What happens when a space has all these qualities? When it’s available to many, appeals to a relative few, and has room for a few dozen at most? When it enables play and conversation, and allows them to coexist with minimal detriment to either? When it can be counted on—barring unexpected downtime at the hands of a cheap, disinterested server host—to always be exactly where you left it? A space like that can only take on the role of a focal point; a place of casual congregation. People drop in and drop out, some only staying for minutes at a time, but there are regulars in the mix; familiar names, recognisable avatars. People with nothing in particular to do and nowhere special to go, drifting in from school and work and heaven knows where else, ready to get back on a treadmill they’ve been turning for the better part of a decade. These spaces, these servers, were my hangout spots. They were the secluded cafeteria table, the climbing frame at the local park, the chalked-up goalposts on the wall behind the deli. Places that would give you something to talk about. Places that gave you an excuse to be there, for as long or as briefly as necessary.
It doesn’t feel quite right, waxing nostalgic about a period of my life when I so carelessly frittered my time away, learning nothing, scarcely developing as a person, ensconced in an atmosphere so masculine and juvenile that it’s a wonder it didn’t permanently turn me into the worst kind of gamer. And yet, it’s rare to experience such a natural sense of tight-knit community in the world of video games: no lobbies, no premediated arrangements, no guilds, no forum boards or profile pages, just people informally sharing a space, coming back again and again to a hub until they gradually get to know one another. Death in Counter-Strike is often swift, and—until the next round, at least—quite permanent, so it’s not uncommon to find yourself without much to do for the next few minutes besides spectating the remaining players and chatting with your fellow deceased. Here’s the guy who inexplicably snipes better when he’s drunk, and there’s the head admin who pops up once in a while to abuse his divine powers and fuck with people. Here comes the exhausting pre-pubescent kid who gets ritualistically teased, and over there is the guy who probably hacks but is too charismatic and fun-loving to ever ban. Did I form lasting friendships with any of them? Good lord, no. But they made for far more engaging playmates than complete strangers plucked arbitrarily from the matrix, and they couldn’t have become that without the common ground that the server provided.
For me, those days of inhabiting such a shared social space are gone; thrown into the dustbin of my teenage time-sinks alongside Runescape and habitual masturbation. Like many other people with fruitful, busy lives, I’ve grown to appreciate the convenience of being able to jump in a queue and just get a straightforward, uniform, as-intended multiplayer experience with people who are more-or-less appropriate competitors, no matter how thickly the dust has settled between sessions. But what is multiplayer when everyone’s either a total stranger or an established friend? What is multiplayer without any sense of place, or belonging? The prevalence of matchmaking systems, and the gradual shying away from community-run servers, has made online play more accessible—and rightfully so!—but the, temporal, fleeting, impersonal encounters they create are no social substitute for the virtual equivalent of the skate park outside Leederville station. We’ve wedged other systems into place to try and connect people across the treacherous, shifting waters—friend lists, teams, guilds, that sort of thing—but like many one-off secondary social networking solutions, they usually serve only to formalise connections already made through other means. “How do we play? Oh, right, I have to add you on this thing first. What’s your tag? Yeah, yeah, sent.”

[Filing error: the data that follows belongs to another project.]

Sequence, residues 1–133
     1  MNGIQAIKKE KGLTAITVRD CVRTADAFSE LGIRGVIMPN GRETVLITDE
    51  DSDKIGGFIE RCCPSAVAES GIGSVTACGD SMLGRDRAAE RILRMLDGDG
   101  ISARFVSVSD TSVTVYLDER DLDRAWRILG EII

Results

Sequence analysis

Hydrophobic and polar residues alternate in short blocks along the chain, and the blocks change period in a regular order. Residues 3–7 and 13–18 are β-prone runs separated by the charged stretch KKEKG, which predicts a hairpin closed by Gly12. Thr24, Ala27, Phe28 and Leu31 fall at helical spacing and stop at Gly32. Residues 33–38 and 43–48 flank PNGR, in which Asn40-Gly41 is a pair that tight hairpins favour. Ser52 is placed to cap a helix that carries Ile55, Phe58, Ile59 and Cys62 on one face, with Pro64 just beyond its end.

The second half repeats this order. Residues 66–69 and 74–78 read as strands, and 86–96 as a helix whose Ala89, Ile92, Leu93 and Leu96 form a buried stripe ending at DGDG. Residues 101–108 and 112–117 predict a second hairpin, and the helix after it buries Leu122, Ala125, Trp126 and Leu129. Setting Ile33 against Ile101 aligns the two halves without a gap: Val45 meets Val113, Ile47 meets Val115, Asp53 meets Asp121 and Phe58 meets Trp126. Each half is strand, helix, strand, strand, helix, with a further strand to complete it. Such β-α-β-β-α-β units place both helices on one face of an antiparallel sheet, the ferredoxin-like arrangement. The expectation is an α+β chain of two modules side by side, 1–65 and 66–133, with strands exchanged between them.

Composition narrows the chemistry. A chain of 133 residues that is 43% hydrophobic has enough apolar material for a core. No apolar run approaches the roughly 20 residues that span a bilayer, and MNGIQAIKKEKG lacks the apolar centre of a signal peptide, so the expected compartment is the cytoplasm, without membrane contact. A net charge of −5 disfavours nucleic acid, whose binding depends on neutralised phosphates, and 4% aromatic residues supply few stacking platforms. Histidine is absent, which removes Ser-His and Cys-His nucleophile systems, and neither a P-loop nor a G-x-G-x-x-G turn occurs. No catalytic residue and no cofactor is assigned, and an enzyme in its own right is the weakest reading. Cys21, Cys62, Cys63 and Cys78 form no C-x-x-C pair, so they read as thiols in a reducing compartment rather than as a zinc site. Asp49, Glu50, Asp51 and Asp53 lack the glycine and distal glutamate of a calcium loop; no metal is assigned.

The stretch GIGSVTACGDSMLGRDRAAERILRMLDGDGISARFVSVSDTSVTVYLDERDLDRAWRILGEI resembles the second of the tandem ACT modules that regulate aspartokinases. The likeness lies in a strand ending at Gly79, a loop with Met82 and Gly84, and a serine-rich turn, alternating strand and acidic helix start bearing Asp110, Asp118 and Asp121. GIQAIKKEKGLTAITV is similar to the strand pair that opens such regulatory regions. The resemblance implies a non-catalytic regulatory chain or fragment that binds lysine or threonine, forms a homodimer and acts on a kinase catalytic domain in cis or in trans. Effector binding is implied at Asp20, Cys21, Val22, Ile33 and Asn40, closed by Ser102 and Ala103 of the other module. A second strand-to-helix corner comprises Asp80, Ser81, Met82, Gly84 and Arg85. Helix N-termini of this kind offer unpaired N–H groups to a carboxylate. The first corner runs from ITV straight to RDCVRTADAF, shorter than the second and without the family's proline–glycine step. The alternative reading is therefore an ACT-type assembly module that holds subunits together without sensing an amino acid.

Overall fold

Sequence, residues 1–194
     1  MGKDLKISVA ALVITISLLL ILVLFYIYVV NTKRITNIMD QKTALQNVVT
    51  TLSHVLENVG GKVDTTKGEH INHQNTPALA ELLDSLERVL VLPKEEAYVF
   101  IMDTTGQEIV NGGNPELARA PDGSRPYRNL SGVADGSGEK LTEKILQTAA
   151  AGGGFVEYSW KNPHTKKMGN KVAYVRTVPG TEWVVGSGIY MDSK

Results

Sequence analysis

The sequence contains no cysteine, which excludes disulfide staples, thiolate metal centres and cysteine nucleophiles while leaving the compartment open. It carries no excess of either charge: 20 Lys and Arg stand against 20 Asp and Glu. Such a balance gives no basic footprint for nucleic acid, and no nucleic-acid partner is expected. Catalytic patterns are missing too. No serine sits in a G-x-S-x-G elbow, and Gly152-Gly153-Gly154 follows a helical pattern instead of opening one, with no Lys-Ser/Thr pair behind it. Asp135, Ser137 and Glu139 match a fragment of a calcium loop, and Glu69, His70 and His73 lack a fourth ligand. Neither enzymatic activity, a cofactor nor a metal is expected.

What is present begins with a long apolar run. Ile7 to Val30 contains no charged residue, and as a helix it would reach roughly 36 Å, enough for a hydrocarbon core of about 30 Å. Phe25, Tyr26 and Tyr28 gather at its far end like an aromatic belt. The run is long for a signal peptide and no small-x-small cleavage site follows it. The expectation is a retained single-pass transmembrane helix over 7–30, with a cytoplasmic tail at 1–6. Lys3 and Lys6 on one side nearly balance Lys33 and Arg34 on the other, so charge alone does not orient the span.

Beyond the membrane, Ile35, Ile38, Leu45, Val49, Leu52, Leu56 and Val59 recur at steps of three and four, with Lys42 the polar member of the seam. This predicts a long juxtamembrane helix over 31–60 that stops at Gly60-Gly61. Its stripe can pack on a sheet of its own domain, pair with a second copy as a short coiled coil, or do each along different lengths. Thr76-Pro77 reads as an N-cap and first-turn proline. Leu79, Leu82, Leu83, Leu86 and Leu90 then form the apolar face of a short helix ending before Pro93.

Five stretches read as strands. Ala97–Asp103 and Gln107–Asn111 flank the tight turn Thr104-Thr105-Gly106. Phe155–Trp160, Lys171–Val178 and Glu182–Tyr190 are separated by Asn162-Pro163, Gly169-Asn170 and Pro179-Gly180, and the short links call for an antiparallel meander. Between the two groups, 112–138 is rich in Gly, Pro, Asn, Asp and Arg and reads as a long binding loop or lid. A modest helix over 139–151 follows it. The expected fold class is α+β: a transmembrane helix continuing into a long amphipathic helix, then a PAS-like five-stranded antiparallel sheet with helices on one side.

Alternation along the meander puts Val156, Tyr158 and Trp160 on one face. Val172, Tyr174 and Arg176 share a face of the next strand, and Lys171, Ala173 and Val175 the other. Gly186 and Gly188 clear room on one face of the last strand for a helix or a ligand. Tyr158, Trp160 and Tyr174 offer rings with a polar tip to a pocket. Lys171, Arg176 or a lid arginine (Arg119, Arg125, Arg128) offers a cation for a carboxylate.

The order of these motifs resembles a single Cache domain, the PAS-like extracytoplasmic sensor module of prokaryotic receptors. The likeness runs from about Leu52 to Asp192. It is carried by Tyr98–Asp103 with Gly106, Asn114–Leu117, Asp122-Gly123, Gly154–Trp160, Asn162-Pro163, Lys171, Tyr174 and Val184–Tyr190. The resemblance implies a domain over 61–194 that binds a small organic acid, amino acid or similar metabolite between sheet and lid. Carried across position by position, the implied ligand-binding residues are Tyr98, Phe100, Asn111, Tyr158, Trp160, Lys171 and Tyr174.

None of this is necessarily an attempt to champion one thing over another: I don’t believe that the model of using servers as small-scale social hubs should supplant other multiplayer models, nor do I think that my endless hours spent being gunned down by the same few-dozen maladjusted young Australian men was a proper substitute for developing… y’know, actual social skills. Nevertheless, as with most tectonic shifts in gaming, it’s hard to shake the feeling that we’re not collectively fully aware of the significance of the baby currently riding out the door on a tide of bathwater. Multiplayer should be about people as much as it is about play, and as long as both are involved, there ought to be room for the chalked-up goalposts on the wall behind the deli.